For the record, I am 1/8 Apache, which makes me more Indian than Elizabeth Warren.  The Redskin name has no negative impact upon me whatever.  I’m also half Swiss.  But that doesn’t mean I am insulted because the Vatican hires Swiss soldiers to be the Pope’s guards or that those guards feature prominently in Vatican photography.   They do so because for many centuries the Swiss were considered Europe’s best and most reliable warriors.  I’m proud to have that prowess recognized.  Some of those warriors were my ancestors.  Some of that warrior blood still flows through my veins.  I might be a Protestant, but I’d gladly protect the Pope.
 

Wednesday, June 25, 2014

"Jersey Boys:" A Review


        In most cases, if it has to do with Clint Eastwood, I’m for it.  From Rowdy Yates to the Republican Convention, I’m behind him.  I even bought a Thomas Kinkade painting because it shows Eastwood walking down the street of the little California town of which he once was mayor.  And “Gran Torino,” wow.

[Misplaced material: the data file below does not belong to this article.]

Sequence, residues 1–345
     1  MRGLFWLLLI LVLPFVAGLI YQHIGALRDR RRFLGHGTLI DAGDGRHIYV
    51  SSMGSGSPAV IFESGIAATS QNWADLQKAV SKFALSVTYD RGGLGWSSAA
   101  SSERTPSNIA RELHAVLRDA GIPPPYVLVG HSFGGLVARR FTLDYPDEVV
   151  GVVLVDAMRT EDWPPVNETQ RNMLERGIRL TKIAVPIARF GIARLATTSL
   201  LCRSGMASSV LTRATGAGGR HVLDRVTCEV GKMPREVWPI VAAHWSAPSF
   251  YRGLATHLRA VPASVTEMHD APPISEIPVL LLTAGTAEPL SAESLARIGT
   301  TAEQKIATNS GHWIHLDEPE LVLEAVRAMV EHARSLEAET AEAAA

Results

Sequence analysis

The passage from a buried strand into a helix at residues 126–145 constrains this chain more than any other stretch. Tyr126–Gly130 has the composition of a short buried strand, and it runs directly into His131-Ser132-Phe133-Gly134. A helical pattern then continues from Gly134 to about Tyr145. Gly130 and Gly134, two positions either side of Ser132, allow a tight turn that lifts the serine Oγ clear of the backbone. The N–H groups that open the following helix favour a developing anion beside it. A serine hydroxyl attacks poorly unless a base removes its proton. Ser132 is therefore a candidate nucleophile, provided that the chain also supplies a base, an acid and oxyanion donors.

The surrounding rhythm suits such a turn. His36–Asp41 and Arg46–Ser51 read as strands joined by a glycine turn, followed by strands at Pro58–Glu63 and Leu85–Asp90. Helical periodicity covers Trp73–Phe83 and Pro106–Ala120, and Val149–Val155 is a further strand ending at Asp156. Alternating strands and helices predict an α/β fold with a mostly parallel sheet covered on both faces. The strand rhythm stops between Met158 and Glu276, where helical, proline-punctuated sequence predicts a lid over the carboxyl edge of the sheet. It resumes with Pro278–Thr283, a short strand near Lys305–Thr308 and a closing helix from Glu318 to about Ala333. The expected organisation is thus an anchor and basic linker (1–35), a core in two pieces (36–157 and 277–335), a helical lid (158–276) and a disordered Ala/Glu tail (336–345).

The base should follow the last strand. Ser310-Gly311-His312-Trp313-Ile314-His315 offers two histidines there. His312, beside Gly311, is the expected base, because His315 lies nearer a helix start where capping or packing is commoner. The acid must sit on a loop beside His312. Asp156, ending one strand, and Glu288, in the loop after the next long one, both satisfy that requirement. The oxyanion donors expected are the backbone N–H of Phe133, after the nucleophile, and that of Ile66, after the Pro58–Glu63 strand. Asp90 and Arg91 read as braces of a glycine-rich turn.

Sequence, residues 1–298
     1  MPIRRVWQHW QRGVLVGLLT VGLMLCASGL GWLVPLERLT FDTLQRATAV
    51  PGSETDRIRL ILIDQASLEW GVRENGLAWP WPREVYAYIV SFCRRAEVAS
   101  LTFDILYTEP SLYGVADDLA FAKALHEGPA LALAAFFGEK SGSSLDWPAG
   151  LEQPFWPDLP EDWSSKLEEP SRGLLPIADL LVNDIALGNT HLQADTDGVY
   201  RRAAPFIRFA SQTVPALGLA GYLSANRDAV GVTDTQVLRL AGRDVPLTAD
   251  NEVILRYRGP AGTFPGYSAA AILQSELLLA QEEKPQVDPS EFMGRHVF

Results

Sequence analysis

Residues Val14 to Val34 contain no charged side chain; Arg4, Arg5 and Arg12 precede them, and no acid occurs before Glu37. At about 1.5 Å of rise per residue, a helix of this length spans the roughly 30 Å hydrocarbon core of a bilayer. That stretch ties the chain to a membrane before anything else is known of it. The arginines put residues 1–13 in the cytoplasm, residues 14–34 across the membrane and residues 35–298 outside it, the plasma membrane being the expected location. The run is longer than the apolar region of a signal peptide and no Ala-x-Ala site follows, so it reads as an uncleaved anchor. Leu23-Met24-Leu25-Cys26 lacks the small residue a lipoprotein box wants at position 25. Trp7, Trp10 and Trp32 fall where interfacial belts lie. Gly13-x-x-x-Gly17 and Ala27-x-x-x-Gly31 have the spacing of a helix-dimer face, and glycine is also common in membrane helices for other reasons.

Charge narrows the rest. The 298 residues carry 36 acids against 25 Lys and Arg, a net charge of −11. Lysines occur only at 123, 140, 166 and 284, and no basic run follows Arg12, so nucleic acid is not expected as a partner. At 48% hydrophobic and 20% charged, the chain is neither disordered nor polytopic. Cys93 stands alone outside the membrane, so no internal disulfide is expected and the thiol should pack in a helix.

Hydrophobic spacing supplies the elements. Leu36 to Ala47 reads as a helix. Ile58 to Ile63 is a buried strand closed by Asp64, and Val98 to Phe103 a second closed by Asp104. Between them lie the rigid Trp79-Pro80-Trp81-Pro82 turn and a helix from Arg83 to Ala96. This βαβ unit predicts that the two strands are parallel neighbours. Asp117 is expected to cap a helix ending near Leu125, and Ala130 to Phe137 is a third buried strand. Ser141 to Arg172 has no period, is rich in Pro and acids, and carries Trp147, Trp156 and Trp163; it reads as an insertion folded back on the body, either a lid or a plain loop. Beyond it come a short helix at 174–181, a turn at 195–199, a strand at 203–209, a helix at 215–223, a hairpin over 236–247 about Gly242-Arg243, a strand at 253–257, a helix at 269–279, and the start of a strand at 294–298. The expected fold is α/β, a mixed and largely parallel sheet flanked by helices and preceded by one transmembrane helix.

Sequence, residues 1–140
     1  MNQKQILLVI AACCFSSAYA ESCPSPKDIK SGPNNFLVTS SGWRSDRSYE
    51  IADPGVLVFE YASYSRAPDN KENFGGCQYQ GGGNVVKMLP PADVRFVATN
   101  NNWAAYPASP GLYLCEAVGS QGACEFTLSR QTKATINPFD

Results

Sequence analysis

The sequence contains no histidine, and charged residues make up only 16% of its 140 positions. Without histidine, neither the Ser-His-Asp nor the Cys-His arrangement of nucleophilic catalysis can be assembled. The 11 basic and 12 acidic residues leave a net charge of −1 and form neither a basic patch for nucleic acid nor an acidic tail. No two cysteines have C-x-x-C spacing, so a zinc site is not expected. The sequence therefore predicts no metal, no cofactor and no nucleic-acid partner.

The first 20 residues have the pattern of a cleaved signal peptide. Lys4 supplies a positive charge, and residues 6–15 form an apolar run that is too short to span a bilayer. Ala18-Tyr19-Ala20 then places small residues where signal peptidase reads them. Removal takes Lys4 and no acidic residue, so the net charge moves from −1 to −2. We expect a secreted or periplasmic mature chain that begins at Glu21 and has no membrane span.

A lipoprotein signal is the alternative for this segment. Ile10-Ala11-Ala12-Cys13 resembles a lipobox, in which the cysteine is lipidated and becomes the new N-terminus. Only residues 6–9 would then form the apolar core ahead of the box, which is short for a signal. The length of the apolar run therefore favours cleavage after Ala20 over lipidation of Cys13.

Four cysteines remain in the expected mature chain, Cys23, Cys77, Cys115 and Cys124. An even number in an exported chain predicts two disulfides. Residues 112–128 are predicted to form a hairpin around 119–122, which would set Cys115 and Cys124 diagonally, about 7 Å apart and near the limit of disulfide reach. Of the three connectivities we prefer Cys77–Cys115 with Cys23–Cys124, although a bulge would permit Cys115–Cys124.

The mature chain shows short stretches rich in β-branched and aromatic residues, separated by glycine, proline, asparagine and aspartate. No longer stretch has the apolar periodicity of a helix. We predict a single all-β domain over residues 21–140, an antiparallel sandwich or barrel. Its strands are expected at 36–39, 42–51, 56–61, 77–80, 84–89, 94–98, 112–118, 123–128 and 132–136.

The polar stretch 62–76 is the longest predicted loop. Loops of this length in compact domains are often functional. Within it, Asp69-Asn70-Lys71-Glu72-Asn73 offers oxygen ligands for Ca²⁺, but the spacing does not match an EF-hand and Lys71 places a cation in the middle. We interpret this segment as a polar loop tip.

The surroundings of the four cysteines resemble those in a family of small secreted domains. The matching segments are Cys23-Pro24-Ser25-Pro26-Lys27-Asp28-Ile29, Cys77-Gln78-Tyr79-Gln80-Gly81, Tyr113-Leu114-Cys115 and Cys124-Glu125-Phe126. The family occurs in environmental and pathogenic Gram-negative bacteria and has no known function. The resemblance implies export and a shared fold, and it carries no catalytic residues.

I walked into “Jersey Boys” with high expectations:  I like Eastwood’s work on so many counts.  I like the music of Frankie Valli and the Four Seasons.  And I lived for nearly 10 years in the towns and neighborhoods where much of the action takes place.  But “Jersey Boys” didn’t make my day.
         I try to be realistic.  I don’t expect many movies to teach lessons I endorse or to share my worldview.  As long as they tell an interesting story in an interesting way, I’m happy.    
I was partly pleased by “Jersey Boys.”  In an era when shock and offense too often replace intelligence, it’s one of the few R-rated movies where the sex and violence take place primarily off screen.  That’s fine.  I’m not complaining about that.  I’m complaining about what happens on screen, which is, in a word, stereotypical.  These aren’t fleshed out characters with interesting or individual things to say.  They’re stereotypes.  They could stand in for each other.  I’m not certain they didn’t.
From Clint Eastwood, who is famously the master of subtle, I expected, and I wanted, more.  The idiosyncratic nuance of Walt Kowalski -- hard headed, soft hearted, bigoted, and oddly principled -- is missing from “Jersey Boys.”  No character in it has subtlety.   Nothing in the entire movie has Walt’s layered, nuanced, multi-dimensional, texture or anything approaching it.  “Trouble with the Curve” did.